Abram Wilson - Ticket to ride

When trumpeter Abram Wilson made the move from his native New Orleans to London he had no idea about what was in store. From jamming in London jazz clubs, to working on Soweto Kinch’s Conversations With The Unseen, to developing his own albums Jazz Warrior and now Ride! the New Orleansian has come a long way in a short time. Andy Robson talks to Abram about the inspirations behind his new album, the effects of Hurricane Katrina on his hometown and finds out more from saxophonist Soweto Kinch who will share the stage at a high profile show with Wilson at this month’s London Jazz Festival.
Abram Wilson - Ticket to ride
It’s 29 August, 2006: a balmy, late summer’s day in London town, a perfect day to meet a trumpet man for whom the words “sunny temperament” were made for. New Orleans-born Abram Wilson naturally brims with an energy and optimism that befits a young man in the prime of life, revelling in his maturing skills not only as a player and vocalist but also as deputy artistic director of Dune Records. A talented man with an already impressive track record, not the least as part of Soweto Kinch’s line up for his new album B19, but also a rich future ahead of him, notably for his new project Ride! which is about to take the jazz world by storm.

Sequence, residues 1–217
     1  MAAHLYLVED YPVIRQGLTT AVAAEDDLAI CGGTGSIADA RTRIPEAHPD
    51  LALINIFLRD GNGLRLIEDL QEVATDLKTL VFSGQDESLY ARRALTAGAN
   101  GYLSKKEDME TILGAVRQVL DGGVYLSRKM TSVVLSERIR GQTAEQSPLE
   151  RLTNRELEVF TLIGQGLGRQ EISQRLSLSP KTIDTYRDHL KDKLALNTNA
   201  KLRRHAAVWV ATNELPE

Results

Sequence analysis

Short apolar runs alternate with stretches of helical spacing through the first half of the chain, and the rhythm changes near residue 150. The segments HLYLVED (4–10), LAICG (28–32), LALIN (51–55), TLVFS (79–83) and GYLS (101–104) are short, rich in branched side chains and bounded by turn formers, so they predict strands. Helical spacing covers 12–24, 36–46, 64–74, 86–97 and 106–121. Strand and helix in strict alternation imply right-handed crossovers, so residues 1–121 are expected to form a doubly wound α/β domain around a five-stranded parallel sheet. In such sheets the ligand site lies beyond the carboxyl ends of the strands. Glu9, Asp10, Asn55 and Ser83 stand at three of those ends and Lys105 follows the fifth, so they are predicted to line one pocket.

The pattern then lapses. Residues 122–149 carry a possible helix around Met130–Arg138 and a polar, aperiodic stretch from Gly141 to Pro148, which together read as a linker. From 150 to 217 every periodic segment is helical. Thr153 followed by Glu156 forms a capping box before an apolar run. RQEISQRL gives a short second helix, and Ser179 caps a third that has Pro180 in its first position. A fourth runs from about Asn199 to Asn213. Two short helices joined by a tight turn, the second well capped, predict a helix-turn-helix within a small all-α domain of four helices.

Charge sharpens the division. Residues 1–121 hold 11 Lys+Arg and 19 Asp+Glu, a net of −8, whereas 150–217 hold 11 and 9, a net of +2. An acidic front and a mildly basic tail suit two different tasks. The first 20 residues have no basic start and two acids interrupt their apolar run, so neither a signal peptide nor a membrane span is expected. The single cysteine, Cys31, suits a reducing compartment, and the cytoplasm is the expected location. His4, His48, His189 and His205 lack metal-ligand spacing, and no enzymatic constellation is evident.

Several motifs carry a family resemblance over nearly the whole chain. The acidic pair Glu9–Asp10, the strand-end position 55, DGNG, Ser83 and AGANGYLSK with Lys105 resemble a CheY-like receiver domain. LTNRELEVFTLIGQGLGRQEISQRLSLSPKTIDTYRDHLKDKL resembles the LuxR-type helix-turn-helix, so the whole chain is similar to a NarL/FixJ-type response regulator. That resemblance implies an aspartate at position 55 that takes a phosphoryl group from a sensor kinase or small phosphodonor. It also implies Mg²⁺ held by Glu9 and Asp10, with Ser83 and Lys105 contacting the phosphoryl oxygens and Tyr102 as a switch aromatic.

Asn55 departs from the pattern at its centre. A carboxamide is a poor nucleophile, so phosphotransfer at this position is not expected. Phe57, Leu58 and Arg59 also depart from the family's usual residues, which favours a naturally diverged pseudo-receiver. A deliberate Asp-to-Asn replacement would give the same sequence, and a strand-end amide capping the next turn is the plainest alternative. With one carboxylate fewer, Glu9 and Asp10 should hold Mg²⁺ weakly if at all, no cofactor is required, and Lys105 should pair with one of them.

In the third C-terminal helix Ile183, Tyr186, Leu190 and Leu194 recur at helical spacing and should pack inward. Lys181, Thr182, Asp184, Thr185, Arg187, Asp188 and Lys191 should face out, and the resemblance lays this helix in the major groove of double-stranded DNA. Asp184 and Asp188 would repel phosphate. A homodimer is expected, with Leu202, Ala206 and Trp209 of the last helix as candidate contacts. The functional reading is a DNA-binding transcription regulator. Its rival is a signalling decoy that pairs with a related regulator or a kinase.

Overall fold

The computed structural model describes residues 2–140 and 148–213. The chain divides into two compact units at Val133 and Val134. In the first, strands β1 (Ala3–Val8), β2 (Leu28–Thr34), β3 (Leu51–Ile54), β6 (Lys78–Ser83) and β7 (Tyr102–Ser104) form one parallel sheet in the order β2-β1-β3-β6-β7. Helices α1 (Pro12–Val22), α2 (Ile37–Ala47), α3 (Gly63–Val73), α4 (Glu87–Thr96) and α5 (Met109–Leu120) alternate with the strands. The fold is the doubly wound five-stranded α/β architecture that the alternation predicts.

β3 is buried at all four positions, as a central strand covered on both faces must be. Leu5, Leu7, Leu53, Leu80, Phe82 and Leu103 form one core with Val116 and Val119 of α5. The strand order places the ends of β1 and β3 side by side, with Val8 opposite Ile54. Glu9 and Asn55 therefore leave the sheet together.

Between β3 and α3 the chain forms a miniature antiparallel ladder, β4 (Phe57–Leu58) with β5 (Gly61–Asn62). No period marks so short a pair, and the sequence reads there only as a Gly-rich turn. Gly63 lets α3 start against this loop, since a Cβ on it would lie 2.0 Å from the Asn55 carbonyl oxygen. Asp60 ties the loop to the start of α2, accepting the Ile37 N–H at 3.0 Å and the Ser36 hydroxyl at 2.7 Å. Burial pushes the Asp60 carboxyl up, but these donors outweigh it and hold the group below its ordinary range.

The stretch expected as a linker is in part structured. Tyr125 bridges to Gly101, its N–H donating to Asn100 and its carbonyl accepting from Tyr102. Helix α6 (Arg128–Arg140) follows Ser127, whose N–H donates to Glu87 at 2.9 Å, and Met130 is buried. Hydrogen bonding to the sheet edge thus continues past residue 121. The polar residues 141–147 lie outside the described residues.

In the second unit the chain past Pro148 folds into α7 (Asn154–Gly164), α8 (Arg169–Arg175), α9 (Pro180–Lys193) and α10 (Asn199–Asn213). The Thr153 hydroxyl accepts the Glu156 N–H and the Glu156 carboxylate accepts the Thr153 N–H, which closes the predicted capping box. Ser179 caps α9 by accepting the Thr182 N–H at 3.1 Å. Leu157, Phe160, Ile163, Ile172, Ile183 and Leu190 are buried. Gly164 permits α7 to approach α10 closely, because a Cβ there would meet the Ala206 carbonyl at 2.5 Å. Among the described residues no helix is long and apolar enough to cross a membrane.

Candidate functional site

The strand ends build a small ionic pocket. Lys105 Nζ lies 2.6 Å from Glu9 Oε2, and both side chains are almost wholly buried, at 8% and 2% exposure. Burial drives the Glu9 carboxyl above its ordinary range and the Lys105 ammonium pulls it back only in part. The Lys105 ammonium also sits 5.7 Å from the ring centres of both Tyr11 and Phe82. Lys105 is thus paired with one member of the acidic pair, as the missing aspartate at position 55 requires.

Storm indeed as 29 August was also Remembrance Day in the USA for the anniversary of the day Katrina struck, the hurricane that ripped the heart out of the The Big Easy. The memory of what happened to Wilson’s home town, and more importantly what happened to his people afterwards, still inspires a righteous anger in his breast and indeed inspires much of the music and the soul of his new release. “Every thing on this record has to do with what happened in New Orleans, directly and indirectly,” says the ebullient Wilson. “Before I used to play because Wynton plays, Miles Davis is cool, Louis Armstrong is a bad trumpet player and I just wanted to play for me, to be part of that.

“But things have happened in the world that have changed all that, opened my eyes to a reality that I should have known about before. What I saw in New Orleans made me realise that music has a responsibility to tell people the truth of what’s going on – and to understand how to live right. What I saw in New Orleans showed me that we as musicians have a responsibility to tell people what is righteous.”

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